The American Journal of Chinese Studies, 28 (2021): 13-30.
Abstract: In the 1930s and 1940s, Hong Kong figured centrally in efforts by the Chinese Communist Party (CCP) to develop essential links that tied together its underground urban operations, its rural bases, and the outside world. The role of Hong Kong is often overlooked in conventional narratives that stress the successful mobilization of peasants from inland rural areas as the main basis for the CCP’s ultimate victory in 1949. Nonetheless, an examination of the Party’s activities in British-governed Hong Kong highlights the important role this city also played in the CCP’s success. Indeed, starting in the early 1930s and especially from 1946 to 1949, Hong Kong gradually replaced Shanghai as the CCP’s main nexus for information exchange and material transmission. This article seeks to show not only how the CCP developed an operational base in Hong Kong but also how this base became an effective transnational networking hub, through which the Party fostered Communist movements throughout Southeast Asia, incorporated supporters from the Chinese diaspora, and took in resources from the Soviet Union.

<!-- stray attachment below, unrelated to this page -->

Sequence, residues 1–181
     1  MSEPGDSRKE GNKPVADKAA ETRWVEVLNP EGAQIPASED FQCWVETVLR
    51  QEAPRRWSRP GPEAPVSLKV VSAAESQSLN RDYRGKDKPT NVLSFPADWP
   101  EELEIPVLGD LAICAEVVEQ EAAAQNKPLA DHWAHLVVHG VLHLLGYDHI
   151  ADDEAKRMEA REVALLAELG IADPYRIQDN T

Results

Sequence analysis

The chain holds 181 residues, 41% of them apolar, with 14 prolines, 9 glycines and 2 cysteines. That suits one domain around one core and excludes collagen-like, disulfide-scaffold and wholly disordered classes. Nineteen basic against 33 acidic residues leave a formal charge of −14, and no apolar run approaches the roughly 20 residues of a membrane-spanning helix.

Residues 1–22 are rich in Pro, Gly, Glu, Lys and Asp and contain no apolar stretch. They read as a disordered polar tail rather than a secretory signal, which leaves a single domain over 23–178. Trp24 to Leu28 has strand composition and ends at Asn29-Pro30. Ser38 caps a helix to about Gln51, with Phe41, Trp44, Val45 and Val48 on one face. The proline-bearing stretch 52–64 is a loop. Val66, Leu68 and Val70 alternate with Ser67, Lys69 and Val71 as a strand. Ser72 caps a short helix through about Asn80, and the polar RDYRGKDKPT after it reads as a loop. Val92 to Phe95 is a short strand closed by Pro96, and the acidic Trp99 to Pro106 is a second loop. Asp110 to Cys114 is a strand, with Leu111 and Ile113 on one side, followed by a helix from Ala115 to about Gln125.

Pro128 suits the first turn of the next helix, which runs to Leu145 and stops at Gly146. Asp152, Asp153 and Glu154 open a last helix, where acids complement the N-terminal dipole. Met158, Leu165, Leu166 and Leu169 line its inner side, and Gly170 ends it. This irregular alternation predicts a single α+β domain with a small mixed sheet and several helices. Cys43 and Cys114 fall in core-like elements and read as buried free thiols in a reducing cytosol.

About the author: He Bixiao was a HYI Chinese Politics Training Program Visiting Scholar from 2016-17.